Meanwhile, Chang's wife receives a package from Lone, containing one of the two golden horses that belongs to Chang's family and a message reading, "Make a new life". Yanagawa's daughter also receives a package with the same message and inside the box is her father's head. Lone then calls Crawford as he is packing up his office, asking him to meet him at the dock warehouse where they last made their investigation. Before going to the warehouse, Crawford enlists the help of Goi (Sung Kang), an FBI sniper that aided Crawford throughout the investigation.

At the warehouse, Crawford and Lone battle each other in an intense hand-to-hand fight in which Lone reveals his true identity to Crawford.

When Lone reveals his true identity, a devastated Crawford reveals that it was true that he was working for Yanagawa at the time but had no idea that Rogue was still alive. He was then blackmailed into giving Yanagawa Lone's address thinking that Yanagawa's men were only going there to "rough him up a bit". Ever since, Crawford was angry at himself and wanted revenge against Rogue and everyone else involved in what he thought was his partner's death.

Crawford protects Lone by jumping in front of Goi’s line of sight, but is then shot by Lone. The next day, Lone later drives out of town to start a new life.



Box office[edit]

War opened on August 24, 2007 with $9,820,089 from 2,277 theaters, a $4,312 average.[3] As of December 2007, the film grossed $22,486,409 in United States and $18,200,000 in international box offices totaling $40,686,409 worldwide. DVD sales totaled $27,507,988.[1]

Critical response[edit]

On Rotten Tomatoes the film has an approval rating of 14% based on reviews from 58 critics.[4] On Metacritic the film has a score of 36 out of 100, based on reviews from 15 critics.[5] Audiences surveyed by CinemaScore gave the film a grade B.[6]

Paul Semel of Premiere wrote: War is like Statham's other actioners "The Transporter" and "Crash" -- fun, but not big or dumb enough to be glorious.[7] Joe Leydon of Variety magazine wrote "Quickly devolves into a standard-issue crime drama laced with routine martial artistry."[8]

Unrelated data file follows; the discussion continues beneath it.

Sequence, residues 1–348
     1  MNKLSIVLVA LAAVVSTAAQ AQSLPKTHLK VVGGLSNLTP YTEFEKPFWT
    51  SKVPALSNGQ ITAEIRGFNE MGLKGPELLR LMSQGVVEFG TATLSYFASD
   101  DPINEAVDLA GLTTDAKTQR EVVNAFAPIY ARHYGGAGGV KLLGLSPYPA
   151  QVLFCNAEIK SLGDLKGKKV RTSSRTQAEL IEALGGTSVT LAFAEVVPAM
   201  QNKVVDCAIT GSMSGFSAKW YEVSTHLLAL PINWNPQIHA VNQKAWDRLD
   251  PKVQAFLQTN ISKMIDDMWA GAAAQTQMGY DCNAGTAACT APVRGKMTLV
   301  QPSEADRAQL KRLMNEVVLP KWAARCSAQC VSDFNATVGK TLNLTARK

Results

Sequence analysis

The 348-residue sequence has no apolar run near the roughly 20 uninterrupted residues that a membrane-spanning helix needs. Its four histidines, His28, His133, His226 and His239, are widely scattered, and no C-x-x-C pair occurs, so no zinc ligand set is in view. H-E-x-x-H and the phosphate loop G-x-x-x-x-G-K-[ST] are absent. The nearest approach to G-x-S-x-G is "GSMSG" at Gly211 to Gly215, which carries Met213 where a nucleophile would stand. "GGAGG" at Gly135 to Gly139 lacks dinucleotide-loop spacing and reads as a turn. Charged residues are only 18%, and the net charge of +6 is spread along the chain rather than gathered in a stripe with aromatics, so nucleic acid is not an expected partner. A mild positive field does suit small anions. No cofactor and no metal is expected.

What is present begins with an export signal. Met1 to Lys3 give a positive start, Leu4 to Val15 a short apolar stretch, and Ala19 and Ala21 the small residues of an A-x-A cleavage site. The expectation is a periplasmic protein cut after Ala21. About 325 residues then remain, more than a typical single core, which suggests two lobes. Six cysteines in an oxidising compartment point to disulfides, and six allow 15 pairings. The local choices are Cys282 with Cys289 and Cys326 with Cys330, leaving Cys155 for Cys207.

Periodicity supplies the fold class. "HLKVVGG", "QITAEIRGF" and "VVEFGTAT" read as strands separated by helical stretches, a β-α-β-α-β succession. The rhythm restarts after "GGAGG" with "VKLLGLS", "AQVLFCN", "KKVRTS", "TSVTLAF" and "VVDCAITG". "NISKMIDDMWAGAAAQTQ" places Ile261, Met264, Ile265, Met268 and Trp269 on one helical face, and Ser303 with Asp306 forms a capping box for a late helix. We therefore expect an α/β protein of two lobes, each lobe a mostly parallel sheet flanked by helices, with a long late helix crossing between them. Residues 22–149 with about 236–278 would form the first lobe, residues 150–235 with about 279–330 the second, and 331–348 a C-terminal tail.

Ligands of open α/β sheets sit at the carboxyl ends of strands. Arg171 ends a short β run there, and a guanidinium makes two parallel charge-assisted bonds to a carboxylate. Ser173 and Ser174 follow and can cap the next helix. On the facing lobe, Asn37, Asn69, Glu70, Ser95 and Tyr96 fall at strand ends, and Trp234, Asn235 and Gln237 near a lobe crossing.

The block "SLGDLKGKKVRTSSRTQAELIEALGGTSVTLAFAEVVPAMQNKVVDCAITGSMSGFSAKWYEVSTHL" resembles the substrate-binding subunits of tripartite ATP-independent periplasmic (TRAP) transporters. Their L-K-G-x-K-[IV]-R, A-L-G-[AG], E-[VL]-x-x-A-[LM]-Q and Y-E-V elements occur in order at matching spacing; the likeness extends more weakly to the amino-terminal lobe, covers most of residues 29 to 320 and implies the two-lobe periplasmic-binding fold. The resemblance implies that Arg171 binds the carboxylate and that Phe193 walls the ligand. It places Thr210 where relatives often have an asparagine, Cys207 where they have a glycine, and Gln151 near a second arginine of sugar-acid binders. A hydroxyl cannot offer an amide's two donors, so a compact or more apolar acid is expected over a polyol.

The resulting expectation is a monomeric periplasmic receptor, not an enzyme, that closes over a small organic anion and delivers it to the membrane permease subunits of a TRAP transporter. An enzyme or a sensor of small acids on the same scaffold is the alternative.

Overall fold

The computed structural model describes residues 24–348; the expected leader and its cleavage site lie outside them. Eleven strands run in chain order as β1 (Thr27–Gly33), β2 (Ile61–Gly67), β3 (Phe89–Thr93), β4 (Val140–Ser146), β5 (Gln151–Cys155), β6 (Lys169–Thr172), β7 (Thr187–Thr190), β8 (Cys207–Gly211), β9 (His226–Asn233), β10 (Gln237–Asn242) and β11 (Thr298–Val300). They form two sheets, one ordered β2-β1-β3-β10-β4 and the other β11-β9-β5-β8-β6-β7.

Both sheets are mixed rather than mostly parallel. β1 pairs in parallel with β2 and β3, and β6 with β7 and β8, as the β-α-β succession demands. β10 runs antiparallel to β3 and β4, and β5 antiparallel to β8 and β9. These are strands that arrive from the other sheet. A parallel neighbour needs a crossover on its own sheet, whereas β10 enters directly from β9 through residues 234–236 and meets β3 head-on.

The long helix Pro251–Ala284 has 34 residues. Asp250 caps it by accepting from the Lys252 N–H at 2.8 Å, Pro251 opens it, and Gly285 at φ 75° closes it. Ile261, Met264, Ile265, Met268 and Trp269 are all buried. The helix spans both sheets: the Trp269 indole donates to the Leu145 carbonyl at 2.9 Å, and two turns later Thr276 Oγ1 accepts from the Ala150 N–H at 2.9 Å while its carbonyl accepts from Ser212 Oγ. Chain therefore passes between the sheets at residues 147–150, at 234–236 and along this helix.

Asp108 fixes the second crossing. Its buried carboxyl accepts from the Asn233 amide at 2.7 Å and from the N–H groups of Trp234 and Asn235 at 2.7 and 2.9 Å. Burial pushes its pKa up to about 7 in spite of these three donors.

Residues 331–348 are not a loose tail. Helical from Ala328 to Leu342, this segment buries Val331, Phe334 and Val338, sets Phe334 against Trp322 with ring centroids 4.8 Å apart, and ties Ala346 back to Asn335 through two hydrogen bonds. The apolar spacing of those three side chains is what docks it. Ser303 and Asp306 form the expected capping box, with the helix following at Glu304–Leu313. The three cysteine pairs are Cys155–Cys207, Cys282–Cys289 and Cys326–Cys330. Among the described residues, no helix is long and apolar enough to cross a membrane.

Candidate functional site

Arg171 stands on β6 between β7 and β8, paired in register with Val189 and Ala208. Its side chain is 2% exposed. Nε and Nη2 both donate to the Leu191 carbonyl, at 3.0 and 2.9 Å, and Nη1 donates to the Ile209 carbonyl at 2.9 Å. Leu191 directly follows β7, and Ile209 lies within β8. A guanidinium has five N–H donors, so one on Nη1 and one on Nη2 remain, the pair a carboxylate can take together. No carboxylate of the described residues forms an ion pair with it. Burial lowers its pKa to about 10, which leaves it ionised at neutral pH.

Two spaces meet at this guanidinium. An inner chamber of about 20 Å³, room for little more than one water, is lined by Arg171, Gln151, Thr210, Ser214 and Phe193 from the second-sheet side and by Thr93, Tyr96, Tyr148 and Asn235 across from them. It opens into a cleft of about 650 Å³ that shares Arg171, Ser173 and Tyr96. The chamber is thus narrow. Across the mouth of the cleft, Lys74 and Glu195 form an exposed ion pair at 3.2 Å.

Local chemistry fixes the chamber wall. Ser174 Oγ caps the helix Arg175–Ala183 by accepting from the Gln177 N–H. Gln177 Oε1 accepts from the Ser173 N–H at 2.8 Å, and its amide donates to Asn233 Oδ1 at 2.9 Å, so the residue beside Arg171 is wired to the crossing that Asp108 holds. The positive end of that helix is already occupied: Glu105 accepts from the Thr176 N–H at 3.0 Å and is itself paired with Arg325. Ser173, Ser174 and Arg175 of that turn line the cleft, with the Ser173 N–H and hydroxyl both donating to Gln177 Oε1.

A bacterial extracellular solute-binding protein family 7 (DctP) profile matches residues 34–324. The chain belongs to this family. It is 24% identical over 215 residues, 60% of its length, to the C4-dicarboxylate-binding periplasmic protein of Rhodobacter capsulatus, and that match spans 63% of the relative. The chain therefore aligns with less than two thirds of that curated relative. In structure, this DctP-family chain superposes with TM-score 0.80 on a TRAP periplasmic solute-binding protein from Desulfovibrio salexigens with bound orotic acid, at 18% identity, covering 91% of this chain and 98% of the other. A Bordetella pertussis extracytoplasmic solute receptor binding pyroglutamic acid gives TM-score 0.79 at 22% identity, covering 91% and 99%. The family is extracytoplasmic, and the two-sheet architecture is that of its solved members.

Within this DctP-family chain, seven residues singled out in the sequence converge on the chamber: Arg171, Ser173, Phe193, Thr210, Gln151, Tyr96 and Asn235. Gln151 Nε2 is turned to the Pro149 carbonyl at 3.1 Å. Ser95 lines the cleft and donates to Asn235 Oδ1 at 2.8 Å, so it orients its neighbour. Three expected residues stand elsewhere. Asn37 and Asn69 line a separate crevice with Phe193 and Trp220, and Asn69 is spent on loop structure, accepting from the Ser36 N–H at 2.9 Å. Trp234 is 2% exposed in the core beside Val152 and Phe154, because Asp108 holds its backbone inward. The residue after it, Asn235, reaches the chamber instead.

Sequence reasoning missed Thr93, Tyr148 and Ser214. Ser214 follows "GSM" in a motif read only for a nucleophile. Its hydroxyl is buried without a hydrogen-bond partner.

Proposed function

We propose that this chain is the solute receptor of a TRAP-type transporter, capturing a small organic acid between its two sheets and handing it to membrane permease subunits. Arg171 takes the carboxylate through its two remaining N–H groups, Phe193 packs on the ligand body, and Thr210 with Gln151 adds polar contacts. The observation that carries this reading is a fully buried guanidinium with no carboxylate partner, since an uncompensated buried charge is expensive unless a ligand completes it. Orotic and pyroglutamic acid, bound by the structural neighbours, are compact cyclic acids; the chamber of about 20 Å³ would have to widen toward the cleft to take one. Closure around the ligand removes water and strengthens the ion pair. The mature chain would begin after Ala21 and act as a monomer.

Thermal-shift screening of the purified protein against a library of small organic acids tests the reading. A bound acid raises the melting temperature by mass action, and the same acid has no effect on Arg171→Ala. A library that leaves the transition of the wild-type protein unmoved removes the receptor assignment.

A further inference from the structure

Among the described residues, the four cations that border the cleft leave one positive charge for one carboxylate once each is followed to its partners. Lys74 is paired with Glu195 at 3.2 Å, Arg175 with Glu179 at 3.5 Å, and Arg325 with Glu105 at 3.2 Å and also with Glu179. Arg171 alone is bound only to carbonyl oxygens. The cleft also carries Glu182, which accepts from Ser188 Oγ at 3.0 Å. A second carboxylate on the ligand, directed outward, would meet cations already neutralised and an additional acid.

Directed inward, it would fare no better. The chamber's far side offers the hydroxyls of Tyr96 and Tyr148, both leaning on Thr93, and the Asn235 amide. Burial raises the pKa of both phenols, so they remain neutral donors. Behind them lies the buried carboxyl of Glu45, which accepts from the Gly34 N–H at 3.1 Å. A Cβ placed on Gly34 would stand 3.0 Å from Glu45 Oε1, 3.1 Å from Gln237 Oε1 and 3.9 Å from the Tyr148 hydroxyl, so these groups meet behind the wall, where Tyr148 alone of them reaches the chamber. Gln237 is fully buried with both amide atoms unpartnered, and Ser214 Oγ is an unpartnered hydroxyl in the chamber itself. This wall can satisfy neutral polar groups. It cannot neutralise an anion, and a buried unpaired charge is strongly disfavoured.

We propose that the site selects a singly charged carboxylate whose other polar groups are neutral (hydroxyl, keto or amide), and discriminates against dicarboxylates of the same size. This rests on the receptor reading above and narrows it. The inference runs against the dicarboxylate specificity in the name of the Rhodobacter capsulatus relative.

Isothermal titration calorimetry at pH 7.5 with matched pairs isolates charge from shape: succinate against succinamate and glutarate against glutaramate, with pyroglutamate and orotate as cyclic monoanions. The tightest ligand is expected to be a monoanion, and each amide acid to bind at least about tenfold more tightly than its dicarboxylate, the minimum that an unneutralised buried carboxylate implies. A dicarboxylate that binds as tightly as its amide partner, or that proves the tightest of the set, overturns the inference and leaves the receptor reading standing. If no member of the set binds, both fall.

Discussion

In 2014, Time Out polled several film critics, directors, actors and stunt actors to list their top action films.[9] War was listed at the 92nd place on this list.[10]


Soundtrack album by
ReleasedAugust 21, 2007
LabelLionsgate Records

The soundtrack was composed by Brian Tyler. The additional music is by RZA, Mark Batson and Machines of Loving Grace.

  1. "Spyked" – 2:31
  2. "War Opening Titles" – 5:05
  3. "Confession" – 3:05
  4. "Rooftop Pursuit" – 1:44
  5. "Whips" – 2:14
  6. "Swordfight" – 5:16
  7. RZA – "Rogue Cleans Da Hizouse" – 2:15
  8. "Getting Started / Scene of the Crime" – 2:51
  9. Mark Batson – "The Set Up / Mr. Chang Sends Regards" – 2:36
  10. "Shiro Comes to Town" – 3:55
  11. "Bangkok Downtown" – 2:18
  12. "This Isn't Japan" – 2:16
  13. "Cop Hunting / Face to Face" – 2:42
  14. Mark Batson – "Compliments of Mr. Chang" – 0:36
  15. "Rogue's Revenge" – 1:09
  16. "Showdown" – 2:49
  17. "Plans for Retaliation" – 4:00
  18. "Watching the Changes" – 0:45
  19. "Shiro's Estate" – 2:33
  20. "War End Credits" – 5:31
  21. Machines of Loving Grace – " King" – 4:04
  22. "War Opening Titles (Remix)" – 4:54


War was filmed in Vancouver, British Columbia, Canada.[citation needed]


  1. ^ a b c d "War (2007) - Financial Information". The Numbers. Retrieved 22 March 2018.
  2. ^ Rudkin, Francesca (2008-02-14). "Rogue Assassin". New Zealand Herald. Retrieved 2011-02-24.
  3. ^ "WAR". Box Office Mojo. Retrieved 2011-02-24.
  4. ^ "War (Rogue Assassin)". Rotten Tomatoes. Retrieved March 8, 2017.
  5. ^ https://www.metacritic.com/movie/war
  6. ^ WAR (2007) B CinemaScore
  7. ^ http://web.archive.org/web/20071020173115/http://www.premiere.com/moviereviews/4024/war.html
  8. ^ https://variety.com/2007/film/markets-festivals/war-5-1200556973/
  9. ^ "The 100 best action movies". Time Out. Retrieved November 7, 2014.
  10. ^ "The 100 best action movies: 100-91". Time Out. Retrieved November 7, 2014.

External links[edit]